If campy '80s fantasy is something you're looking for, 1982's "The Beastmaster" definitely won't disappoint. A child named Dar (Marc Singer) is prophesied to take down the evil wizard Maax (Rip Torn). After Dar narrowly escapes an early death, he is raised in secret. What Dar soon discovers is that he possesses the ability to communicate with the animals of the world, a gift he spends his childhood learning how to control. His life of peace and quiet is forever destroyed, however, when his family is slain by Maax's minions years later, which causes him to swear to get his revenge on his parent's killers.

While "The Beastmaster" is somewhat bogged down by its over two-hour runtime, some gloriously cheesy action and goofy fantasy moments make it an excellent guilty pleasure for devoted fans of the genre. The film's influence lived on as it inspired the spin-off series "BeastMaster" in the late '90s, which makes "The Beastmaster" a name familiar to many '80s kids, for better or worse.

26. The Barbarians

With a name like "The Barbarians," this 1987 film is fittingly rough around the edges on both a technical and storytelling level. The R-rated flick followed in the footsteps of other barbarian films that came before it by telling a narrative typical of these movies, while also embracing the goofier aspects of the sub-genre. All of the unbridled nudity and stomach-churning violence that you might expect is there, so for the right crowd, it'll prove to be a favorite, no matter how many naysayers it might have.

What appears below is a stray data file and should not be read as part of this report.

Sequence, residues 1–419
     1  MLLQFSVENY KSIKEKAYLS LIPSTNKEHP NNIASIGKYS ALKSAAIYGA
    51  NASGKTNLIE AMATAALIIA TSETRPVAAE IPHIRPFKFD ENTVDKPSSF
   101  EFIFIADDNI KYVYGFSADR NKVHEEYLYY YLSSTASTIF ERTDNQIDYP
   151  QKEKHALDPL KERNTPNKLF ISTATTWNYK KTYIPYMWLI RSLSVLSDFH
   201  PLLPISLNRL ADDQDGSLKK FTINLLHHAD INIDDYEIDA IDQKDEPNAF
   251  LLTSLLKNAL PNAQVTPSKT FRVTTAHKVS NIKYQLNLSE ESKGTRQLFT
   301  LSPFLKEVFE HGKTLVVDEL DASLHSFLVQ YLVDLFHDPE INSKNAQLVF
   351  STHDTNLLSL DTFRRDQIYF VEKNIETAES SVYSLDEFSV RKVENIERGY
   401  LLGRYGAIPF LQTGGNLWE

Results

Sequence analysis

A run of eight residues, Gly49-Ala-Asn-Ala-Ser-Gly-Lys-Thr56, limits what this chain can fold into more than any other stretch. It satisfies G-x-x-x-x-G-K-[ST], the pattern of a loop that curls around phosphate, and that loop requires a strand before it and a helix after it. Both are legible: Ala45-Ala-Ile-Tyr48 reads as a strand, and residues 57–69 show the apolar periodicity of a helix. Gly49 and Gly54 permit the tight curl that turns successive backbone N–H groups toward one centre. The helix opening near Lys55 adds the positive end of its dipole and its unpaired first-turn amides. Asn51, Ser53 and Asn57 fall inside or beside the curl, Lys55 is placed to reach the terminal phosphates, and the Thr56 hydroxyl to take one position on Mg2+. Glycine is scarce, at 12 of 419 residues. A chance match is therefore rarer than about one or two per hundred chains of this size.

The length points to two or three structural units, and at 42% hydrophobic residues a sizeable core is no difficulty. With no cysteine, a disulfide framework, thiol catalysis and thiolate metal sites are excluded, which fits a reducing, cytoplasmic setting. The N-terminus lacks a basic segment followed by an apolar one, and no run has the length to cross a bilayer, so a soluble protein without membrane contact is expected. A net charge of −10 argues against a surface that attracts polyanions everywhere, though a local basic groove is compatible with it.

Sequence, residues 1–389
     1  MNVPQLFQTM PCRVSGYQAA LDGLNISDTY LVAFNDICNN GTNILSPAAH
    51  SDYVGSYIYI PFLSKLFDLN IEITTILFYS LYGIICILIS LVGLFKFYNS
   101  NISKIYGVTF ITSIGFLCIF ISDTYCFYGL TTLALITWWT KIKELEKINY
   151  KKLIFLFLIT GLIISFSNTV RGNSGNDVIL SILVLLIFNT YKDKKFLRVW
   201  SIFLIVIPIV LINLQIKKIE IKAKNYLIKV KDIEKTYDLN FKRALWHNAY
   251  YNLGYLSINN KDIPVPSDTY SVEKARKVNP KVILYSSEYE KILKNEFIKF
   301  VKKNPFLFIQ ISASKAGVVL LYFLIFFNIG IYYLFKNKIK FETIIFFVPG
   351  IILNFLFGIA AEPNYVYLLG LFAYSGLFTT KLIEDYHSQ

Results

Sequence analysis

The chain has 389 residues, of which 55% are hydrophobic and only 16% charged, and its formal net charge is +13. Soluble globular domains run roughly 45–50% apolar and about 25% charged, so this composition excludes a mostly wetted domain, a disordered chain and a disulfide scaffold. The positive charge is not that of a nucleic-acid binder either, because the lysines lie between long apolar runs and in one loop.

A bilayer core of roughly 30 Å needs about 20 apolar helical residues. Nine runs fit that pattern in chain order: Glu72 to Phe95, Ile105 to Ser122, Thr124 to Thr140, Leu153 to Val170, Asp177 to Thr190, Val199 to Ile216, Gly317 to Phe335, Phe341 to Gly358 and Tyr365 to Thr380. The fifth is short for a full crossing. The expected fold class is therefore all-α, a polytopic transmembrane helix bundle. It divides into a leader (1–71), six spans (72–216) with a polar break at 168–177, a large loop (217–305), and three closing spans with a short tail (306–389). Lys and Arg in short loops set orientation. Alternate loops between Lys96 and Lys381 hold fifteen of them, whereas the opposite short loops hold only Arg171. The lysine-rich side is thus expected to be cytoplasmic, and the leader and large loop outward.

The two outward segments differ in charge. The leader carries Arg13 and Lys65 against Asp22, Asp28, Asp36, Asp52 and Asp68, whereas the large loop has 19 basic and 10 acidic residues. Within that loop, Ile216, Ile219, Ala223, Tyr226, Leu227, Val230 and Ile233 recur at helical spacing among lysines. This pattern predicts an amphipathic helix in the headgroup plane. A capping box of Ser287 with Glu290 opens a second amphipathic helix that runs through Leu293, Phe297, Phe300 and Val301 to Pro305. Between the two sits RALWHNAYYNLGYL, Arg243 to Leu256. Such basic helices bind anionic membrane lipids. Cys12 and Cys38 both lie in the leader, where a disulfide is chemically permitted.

Set in a distant yet fictional past, an innocent tribe is massacred by a roaming warlord known as Kadar (Richard Lynch). The wicked villain makes a terrible mistake, however, by keeping two of the battered tribe's youngest members alive as his prisoners. Years later — and now absolutely bursting with muscles — the pair break free from Kadar's grasp. They reunite with other survivors and prepare a blood-filled quest to right the wrongs committed against them.

25. Legend

1985's "Legend" was the first film released by acclaimed director Ridley Scott after his back-to-back successes of "Alien" and "Blade Runner," but the director's attempt at delving into fantasy was a bit of a mixed bag. Despite being a failure at the time both critically and financially, "Legend" has gone on to become something of a cult classic. Starring a young Tom Cruise just before his breakout role in "Top Gun," as well as being the film debut of Mia Sara (of "Ferris Bueller" fame), it's not hard to understand why this one is remembered fondly by many.